When Washingtonians repeatedly put other people’s lives at risk by getting behind the wheel drunk or high, leniency shouldn’t be part of the conversation. State senators last week declined to help prosecutors crack down on people who refuse to learn the lesson that drinking and driving never go together. Time remains to correct that mistake.

Seattle Times reporter Christine Clarridge recently told the story of Joseph Shaun Goodman, who was arrested for a DUI in Seattle. It was his eighth impaired-driving arrest in 26 years, most of which had ended in convictions. Yet because they were spaced out enough, this new arrest won’t be a felony.

Washington law calls for a felony DUI charge when someone has three previous convictions for driving while impaired in the previous 10 years. A bipartisan group of senators wanted to increase that window to 15 years, but the Democratic Senate majority voted down their bill (SB 5299) shortly before Wednesday’s 5 p.m. deadline to advance legislation.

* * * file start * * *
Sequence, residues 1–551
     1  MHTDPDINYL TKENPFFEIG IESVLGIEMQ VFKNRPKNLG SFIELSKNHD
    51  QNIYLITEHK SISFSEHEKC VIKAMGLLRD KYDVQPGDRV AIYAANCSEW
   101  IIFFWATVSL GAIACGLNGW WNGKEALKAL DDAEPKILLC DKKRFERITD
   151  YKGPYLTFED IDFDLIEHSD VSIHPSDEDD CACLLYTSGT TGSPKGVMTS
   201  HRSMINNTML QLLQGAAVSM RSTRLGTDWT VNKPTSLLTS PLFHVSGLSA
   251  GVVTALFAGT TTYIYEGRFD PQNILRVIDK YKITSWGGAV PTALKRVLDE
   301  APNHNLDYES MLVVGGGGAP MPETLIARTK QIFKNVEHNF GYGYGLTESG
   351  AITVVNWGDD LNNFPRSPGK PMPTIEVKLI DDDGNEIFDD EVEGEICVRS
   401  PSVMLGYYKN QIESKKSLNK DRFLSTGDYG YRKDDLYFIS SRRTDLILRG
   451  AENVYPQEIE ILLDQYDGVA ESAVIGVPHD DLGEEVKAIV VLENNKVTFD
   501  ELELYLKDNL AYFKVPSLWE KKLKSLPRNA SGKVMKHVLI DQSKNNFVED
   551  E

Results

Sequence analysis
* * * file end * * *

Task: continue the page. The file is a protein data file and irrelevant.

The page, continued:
The Senate could have a do-over, though. The House passed a bill (HB 1504) related to impaired driving. And the Senate could amend it with the felony language because it’s on the same topic.

Other states have similarly strict rules for repeat offenders. In Oregon, for example, voters passed a ballot measure in 2010 setting felony threshold at two previous convictions in 10 years.

The most substantive concern raised was cost. Officials estimate that the 15-year window would lead to 129 more felony DUI convictions and incarcerations per year.


Anyone can mess up once. It’s not excusable, but one mistake shouldn’t necessarily stain someone’s record for life. That’s why Washington has a diversion program for first time DUI offenders. They can earn a second chance through education and good behavior.

It’s almost impossible to manufacture sympathy for repeat offenders, though. By the fourth offense in a decade — or 15 years — they have proved that the threat of a misdemeanor isn’t enough to convince them to drive sober or just call an Uber or Lyft. They lack the fundamental respect for the law and public safety that most people have.

Senators should have passed the original bill. Now they should take advantage of their second chance.